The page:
High impact requires low cost, now more than ever. Reading programs (and education more generally) never have sufficient funding. It’s a structural issue: the benefits of reading can take years to realize, but the costs are immediate. So even though the return on investment is off the charts, it’s hard for political systems to fund them properly. For the past few years, we’ve been hard at work driving down the costs of our work, even as we improve the quality. Our newest program, BookSmart, delivers a high-quality set of 150 digital books onto low-cost tablets and individual mobile phones for less than $0.50/student/month. That’s a cost that’s so accessible, even very vulnerable and underserved communities can afford it, particularly when so many of our donors help subsidize the cost even further.
Learning takes place at home and at school. We’ve seen this for years. One of my favorite moments over the past 10 years took place at the Kibera School for Girls, where one of the parents ran up to me and announced: “Tuesday is my favorite day of the week. It’s when my daughter brings home her e-reader, and reads to herself, to her sister, and to me.” Our work in India doubled-down on this idea, where we worked with mothers and caregivers to read with their children at home on their mobile phones. Our work in Jordan doubled-down on it again, as we worked with refugee parents to keep their children reading wherever they were. And it’s more important now than ever, with 1.5 billion children out of school because of COVID-19. We believe this home-school blended approach will be with us for years, because it reflects reality: most children learn more outside the walls of their schools than within. So increasingly we’re focusing on helping parents help their children. Here’s an audio guide we distribute via WhatsApp in India.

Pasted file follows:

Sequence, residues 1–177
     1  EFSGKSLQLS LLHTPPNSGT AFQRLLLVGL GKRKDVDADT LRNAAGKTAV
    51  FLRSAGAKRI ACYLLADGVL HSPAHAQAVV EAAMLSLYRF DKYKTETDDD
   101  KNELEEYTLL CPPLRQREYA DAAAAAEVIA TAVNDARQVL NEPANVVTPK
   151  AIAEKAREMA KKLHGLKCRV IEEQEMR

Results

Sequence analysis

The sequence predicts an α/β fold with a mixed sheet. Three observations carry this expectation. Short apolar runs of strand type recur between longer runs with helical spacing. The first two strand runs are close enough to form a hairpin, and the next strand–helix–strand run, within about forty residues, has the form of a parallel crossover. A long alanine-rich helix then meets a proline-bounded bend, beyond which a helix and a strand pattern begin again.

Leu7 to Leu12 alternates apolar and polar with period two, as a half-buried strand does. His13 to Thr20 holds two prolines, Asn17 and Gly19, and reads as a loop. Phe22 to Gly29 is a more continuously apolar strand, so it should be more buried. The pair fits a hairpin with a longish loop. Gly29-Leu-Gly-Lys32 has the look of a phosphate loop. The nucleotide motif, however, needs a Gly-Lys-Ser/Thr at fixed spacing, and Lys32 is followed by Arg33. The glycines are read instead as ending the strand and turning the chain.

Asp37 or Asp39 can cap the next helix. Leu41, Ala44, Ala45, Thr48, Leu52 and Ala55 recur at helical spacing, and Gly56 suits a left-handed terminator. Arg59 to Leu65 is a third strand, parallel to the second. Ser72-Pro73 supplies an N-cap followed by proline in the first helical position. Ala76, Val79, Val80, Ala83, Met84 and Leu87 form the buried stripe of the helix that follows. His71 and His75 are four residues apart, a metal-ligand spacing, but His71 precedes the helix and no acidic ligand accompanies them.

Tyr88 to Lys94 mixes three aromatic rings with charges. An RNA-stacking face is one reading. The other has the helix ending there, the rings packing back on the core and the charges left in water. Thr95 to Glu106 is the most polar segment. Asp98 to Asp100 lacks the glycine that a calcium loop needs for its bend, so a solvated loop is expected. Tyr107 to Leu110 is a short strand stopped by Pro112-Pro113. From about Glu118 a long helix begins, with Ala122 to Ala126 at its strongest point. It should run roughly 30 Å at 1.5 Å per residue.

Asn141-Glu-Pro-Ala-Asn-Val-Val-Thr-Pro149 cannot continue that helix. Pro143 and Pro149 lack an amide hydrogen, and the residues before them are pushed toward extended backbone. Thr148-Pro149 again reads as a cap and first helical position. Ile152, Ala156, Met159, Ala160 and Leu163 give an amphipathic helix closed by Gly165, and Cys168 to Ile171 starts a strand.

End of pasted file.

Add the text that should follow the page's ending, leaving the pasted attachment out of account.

Our work matters more than ever to the most vulnerable – and unfortunately, that’s a growing population. For years, we’ve focused on vulnerable populations. Our history started with work in low- and middle-income countries in Sub Saharan Africa – and even then, we largely avoided working in capital cities, instead focusing on more rural areas like the eastern region of Ghana or libraries in rural Kenya. Many of our partners over the years have taken our work to even more vulnerable populations: refugees in Jordan; prisoners on the coast of Kenya; deaf children in Kakamega, Kenya; physically disabled children in Zimbabwe. Our many projects focused on women and girls, who are so often left behind as technology changes and the world moves forward. Examples include our Girls Read project in Zambia in collaboration with the Population Council, which shows a marked increase in reading ability and self-reliance and our Inspire US project in Ghana, which gave voice to critical issues like gender violence, family planning, and women’s autonomy.